It’s Sunday, it’s beautiful out, we’ve got deadlines.
An interesting thought came up last week in the wake of the Viz Media lay-offs – that naturally led to thoughts on pirated/online content – which I had been confused about, and that is the idea that technology (hardware and software) is one and the same.
Heidi McDonald brought this to mind when she described Japan as “a society that has consistently pioneered the gadget-filled lifestyle” but approaches digitizing content with such trepidation.
I tend to confuse gadgets with technology. But there’s a mistake here in confusing the two. Last year I read an article (can’t remember where and don’t have the link) that reported on Japan’s tendencies to focus on hardware at the expense of software. Differentiating the two was a bit of a leap for my mind since, in America, there is a direct correlation between hardware and software, the hardware, essentially, being an outgrowth of the software.
At least, that’s the way Apple tends to do it, and it’s been a symbiotic, if not successful, relationship. The iPod to funnel content from the iTunes store, the iTunes store now open to apps that are to be funneled to the iPhone and iPod Touch.
I’m not sure that’s the way that it is in Japan. When the iPod came out back in the 2000’s, there were a ton of mp3 players on the market – many of them much better than what Apple had to offer. But none of them had the software, the platform that Apple had, of iTunes. So the iPod was junk, it looked funny/ugly, and lasted about 18 months before it died and you had to go out and buy another one. So why do so many people buy iPods if they die so easily? If you’ve got a library of music in iTunes, and it doesn’t have to be 10k songs, it can be a measly 80-100, do you really want to go through the hassle of building that library again?
If you’re looking for a Japanese iTunes, it’s pretty much iTunes Japan. I’m sure there’s a Japanese equivalent, but iTunes is really taking the world over. I’m not sure that Japan is less interested in software, but more a point that Japan is heavily invested in hardware, the handheld stuff. Gameboys? PSP’s? DS-lite’s?
Roland Kelts was kind enough to point out to me that craft, and handmade, is an enduring tradition. So is process. Japan is a process oriented country. There is a process to everything: it takes three years to properly learn how to cut and make sushi; three hours to properly dress in a kimono. That attention to craft and attention to detail, meticulous and studied, carries over to gadgetry and physical, handheld devices like books.
Ever seen the Japanese edition of Mari Okazaki’s career-woman/romance, Suppli? I wish I had a copy to show you. Larger trim-size, beautiful book cover design including a mylar jacket. It looks like a book that a woman would buy, not a teen-ager, and speaks volumes about how much value the publisher places on the content. They put a certain amount of attention into the presentation and packaging, so that consumers will pay attention to it themselves.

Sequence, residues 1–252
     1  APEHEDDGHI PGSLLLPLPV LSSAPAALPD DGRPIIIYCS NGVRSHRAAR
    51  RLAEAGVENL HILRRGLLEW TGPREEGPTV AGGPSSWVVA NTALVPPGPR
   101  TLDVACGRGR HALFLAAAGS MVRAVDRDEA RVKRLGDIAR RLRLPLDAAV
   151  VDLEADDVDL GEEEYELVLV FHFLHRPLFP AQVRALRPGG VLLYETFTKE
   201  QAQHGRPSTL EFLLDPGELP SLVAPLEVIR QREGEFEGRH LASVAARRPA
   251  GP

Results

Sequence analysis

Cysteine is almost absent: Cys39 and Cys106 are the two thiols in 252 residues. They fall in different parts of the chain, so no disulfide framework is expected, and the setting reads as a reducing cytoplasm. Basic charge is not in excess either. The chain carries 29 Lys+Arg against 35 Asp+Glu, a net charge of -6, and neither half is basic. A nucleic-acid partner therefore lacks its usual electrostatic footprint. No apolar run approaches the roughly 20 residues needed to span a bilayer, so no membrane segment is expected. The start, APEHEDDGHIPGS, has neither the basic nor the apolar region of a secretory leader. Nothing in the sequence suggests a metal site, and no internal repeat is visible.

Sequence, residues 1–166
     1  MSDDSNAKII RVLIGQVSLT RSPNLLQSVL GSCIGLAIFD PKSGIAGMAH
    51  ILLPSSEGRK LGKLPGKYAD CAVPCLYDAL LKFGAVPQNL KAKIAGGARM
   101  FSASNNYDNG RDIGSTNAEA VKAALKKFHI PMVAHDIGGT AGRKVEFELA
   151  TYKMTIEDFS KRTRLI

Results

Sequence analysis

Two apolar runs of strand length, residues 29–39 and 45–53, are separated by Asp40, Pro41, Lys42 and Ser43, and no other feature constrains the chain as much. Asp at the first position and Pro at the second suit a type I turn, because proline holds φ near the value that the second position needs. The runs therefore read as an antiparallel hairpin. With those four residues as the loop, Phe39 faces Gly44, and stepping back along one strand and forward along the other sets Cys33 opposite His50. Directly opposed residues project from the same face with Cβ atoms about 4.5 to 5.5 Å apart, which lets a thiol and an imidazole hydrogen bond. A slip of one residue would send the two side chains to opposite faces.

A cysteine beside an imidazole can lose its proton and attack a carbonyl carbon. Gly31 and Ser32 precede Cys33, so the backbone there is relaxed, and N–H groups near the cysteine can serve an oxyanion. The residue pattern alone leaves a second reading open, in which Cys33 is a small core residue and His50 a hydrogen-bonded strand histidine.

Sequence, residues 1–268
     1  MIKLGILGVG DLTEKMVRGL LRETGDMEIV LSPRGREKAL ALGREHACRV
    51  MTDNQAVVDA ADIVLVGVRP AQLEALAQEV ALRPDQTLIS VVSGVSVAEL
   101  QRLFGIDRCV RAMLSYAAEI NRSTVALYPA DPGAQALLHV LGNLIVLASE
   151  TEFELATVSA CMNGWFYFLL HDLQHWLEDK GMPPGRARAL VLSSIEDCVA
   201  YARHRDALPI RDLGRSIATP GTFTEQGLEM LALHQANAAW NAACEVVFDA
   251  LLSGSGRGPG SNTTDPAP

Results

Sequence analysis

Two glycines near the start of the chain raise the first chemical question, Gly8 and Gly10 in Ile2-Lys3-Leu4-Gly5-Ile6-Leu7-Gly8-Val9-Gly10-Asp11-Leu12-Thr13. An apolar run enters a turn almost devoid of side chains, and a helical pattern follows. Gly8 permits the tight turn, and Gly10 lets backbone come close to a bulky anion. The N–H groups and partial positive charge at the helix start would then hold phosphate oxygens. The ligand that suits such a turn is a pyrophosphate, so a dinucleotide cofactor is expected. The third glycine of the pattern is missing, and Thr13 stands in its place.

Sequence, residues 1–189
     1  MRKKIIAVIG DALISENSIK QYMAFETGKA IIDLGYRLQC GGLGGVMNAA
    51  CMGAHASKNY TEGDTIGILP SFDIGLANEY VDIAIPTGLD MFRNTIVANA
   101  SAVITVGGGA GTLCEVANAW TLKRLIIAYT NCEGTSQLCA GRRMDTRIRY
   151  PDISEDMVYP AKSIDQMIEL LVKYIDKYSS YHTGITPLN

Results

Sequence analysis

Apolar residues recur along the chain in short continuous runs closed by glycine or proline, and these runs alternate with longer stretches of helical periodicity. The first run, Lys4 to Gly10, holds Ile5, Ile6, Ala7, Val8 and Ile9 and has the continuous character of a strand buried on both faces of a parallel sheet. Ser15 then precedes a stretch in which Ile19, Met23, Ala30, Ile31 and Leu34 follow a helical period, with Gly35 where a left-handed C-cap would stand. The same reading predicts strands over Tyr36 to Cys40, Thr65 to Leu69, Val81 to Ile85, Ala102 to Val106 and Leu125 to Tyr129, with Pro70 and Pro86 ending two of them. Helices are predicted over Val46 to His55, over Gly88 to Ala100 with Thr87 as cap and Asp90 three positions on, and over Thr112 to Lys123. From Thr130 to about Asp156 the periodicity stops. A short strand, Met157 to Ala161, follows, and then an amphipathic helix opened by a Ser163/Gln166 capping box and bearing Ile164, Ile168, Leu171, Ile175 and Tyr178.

So here’s the conundrum. Japan is a country of people who read. They read and they read and they read books. Lots of them. John Fuller, manager of Kinokuniya in New York City, once told me that if I wanted to read books from every corner of the world, I should learn Japanese, because so much of it is translated and available in Japan.
The problem for Japan – and for all publishing – is that e-books and reading devices like the Kindle completely flatten the content, essentially devaluing it. Right now, the debate continues for how much content is worth. Can you put a dollar amount against a story? How much does the story cost the writer? The publisher? The distributor? At what price can it be sold?
It’s hard to value when it’s boiled down to black typeface on a grey background.
When my friend, Ed Lin, had his third book, Snakes Can’t Run, published by St. Martin’s Press, I was so excited for the story, but saddened by the physical book itself. Ed’s second book, This is a Bust, was published by Sunyoung’s outfit, Kaya Production, and designed by spoon+fork. I’ve done work for Kaya in the past and am currently doing work for spoon+fork, so this may just be bragging, but This is a Bust won the American Graphics Award for Excellence in Book Design. St. Martin’s isn’t going to win shit for book design for Snakes.
I loved reading This is a Bust – Sunyoung pays real close attention to typesetting and creates this reading experience by way of wide margins and narrow boxes of text. A lot like manga, it focuses and directs the eye. St. Martin’s Press…not so much. I look at this thing, Snakes Can’t Run, and it’s like the print version is an afterthought. I may as well be reading this on some e-reader because no thought has been put into the physical book itself.
Bryan Ong told me that he loves books – and this is why spoon+fork does book design – because it’s the last thing that people actually read, that people care enough to read. So why not care about the packaging of the book and delivering a reading experience?
Japanese anxiety towards digital is an anxiety because digital questions and forces traditions and culture to change. My pushback is that it change can also mean alter. Alter, as in, alternate, not dominant. Maybe digital will be dominant, but it doesn’t have to be.
For the future of publishing, I’m going to look to Japan for cues. Digitizing the bellyband, the book jacket, trimsize (somehow). And a continuation of the buyer incentive. The beautiful book, the mylar covers, the paper stock, the french-flaps. We like to pretend that we don’t live here, but we do. We still live in a physical world. We love the convenience of things, but we also still love the thing itself.
We still love the thing itself.